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The Third Session of the UN Intergovernmental Working Group on a Business and Human Rights Treaty

Published online by Cambridge University Press:  24 July 2018

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Footnotes

*

Professor of Law and Notre Dame Presidential Fellow at Notre Dame Law School, Indiana, USA. Views expressed are those of the author and not necessarily of any organization with which he is affiliated.

References

1 Human Rights Council, Resolution 26/9, ‘Elaboration of an international legally binding instrument on transnational corporations and other business enterprises with respect to human rights’ (Res. 26/9), A/HRC/26/L.22/Rev. 1 (25 June 2014), para 1.

2 Res. 26/9 para 3.

3 ‘Elements for the Draft Legally Binding Instrument on Transnational Corporations and Other Business Enterprises with Respect to Human Rights’ (Elements), Chairmanship of the OEIGWG established by HRC Res. A/HRC/26/9 (29 September 2017).

4 Elements § 2.2.

5 Elements § 3.2.

6 Elements § 4.

7 Elements § 7.

8 Elements § 9.

9 Elements §§ 1.2 and 10.

10 ‘Ecuador’s Proposed Elements of a Treaty on Business and Human Rights: Off to a Good Start’, 23 October 2017, https://www.business-humanrights.org/en/ecuador%E2%80%99s-proposed-elements-of-a-treaty-on-business-and-human-rights-off-to-a-good-start (accessed 14 March 2018).

11 Human Rights Council, ‘Report on the third session …’ (Report), A/HRC/37/67 (24 January 2018), para 8.

12 Business at OECD, FTA, ICC and IOE, ‘Response of the international business community to the “Elements” for a draft legally binding instrument on transnational corporations and other business enterprises with respect to human rights’ (Business Response), p 2 (20 October 2017).

13 Elements § 2.2.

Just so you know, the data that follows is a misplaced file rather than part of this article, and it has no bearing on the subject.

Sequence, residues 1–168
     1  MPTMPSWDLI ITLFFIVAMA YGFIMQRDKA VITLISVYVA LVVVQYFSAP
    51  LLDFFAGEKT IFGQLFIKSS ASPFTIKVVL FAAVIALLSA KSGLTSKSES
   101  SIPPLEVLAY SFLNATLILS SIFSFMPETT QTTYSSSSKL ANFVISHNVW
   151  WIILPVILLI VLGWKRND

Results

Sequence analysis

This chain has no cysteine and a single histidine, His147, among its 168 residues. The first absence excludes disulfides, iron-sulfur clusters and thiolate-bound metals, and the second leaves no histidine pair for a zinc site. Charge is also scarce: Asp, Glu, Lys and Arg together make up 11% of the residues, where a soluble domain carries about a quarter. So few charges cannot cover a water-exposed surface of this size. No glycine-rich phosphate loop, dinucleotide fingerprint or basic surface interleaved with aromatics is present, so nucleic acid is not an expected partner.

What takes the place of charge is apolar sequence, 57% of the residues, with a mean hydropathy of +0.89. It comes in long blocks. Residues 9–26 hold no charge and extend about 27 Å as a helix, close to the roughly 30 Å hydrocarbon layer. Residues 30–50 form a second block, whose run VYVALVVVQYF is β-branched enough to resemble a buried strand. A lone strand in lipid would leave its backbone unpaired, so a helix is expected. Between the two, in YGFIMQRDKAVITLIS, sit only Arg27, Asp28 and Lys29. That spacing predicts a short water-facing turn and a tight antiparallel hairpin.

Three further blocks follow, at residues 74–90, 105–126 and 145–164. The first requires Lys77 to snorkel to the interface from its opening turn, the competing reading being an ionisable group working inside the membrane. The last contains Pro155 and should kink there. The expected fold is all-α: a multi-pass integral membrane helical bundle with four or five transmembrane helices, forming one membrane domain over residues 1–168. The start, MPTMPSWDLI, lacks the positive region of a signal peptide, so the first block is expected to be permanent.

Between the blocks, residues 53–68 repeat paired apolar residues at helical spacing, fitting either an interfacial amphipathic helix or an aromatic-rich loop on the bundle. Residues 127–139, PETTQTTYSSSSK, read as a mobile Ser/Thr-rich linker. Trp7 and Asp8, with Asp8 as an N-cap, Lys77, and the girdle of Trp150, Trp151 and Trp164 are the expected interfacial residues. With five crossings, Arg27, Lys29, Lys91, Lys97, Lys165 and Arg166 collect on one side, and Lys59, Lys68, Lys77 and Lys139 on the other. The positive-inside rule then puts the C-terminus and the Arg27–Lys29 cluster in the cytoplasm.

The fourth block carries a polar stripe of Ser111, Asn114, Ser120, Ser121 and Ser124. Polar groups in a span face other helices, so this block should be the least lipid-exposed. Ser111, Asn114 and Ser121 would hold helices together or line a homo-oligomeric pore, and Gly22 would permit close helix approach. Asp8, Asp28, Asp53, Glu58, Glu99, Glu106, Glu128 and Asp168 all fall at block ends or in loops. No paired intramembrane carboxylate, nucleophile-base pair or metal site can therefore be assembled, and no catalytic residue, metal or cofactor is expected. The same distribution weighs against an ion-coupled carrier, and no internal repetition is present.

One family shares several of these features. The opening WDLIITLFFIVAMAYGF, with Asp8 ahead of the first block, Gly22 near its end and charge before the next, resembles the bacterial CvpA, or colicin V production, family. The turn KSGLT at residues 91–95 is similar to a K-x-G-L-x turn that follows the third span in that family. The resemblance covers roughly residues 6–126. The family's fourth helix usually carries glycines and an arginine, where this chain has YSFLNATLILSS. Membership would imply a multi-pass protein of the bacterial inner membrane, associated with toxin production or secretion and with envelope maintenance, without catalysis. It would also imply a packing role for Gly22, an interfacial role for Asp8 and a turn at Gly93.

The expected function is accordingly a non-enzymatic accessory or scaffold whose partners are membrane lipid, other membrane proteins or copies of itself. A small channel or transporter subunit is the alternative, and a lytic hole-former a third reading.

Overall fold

14 Elements §§ 4–9.

15 UN Sub-Commission on the Promotion and Protection of Human Rights, ‘Norms on the Responsibilities of Transnational Corporations and Other Business Enterprises with Regard to Human Rights’, E/CN.4/Sub.2/2003/12/Rev.2 (2003).

16 Business Response, pp 2–3.

17 See Report para 71.

18 Elements §§ 5 and 7.

19 See, e.g., Report para 107; Committee on Economic, Social and Cultural Rights, ‘General Comment No. 24 on State Obligations under the International Covenant on Economic, Social and Cultural Rights in the Context of Business Activities’, E/C.12/GC/24 (GC 24) (2017), para 26.

20 Business Response pp 4–5 and 7.

21 Report paras 28, 71 and 107–108.

22 GC 24 para 33.

23 Business Response p 7.

24 For example, International Court of Justice, Germany v Italy, Judgement, ICJ Reports 2012, p 99, paras 54 and 59.

25 Elements § 9.

26 Report paras 120–123.

27 Elements § 6.

28 Business Response pp 7–8.

29 For example, the Crown Prosecution Guidance on the UK Bribery Act explains that it is a defence if a business ‘can show it had adequate procedures in place to prevent persons associated with it from bribing. The standard of proof the defendant would need to discharge in order to prove the defence is on the balance of probabilities’, http://www.cps.gov.uk/legal/a_to_c/bribery_act_2010/ (accessed 15 March 2018).

30 For example, Amnesty International argues that where the relevant information is in the hands of the company, ‘If claimants can prima facie demonstrate that they have suffered harm (the injury) and that this is likely to have been the result of the company’s activities (causation), the law should shift the burden of proof to the corporate defendant.’ ‘Creating a Paradigm Shift: Legal Solutions to Improve Access to Remedy for Corporate Human Rights Abuse’ (2017), p 7.

31 GC 24 para 45.

32 Elements §§ 1.2 and 10.

33 Report paras 32 and 44.

34 Business Response pp 5–6.

35 Report paras 32 and 44.

36 Report para 127.

37 Report para 128.

38 Report paras 19 and 22.

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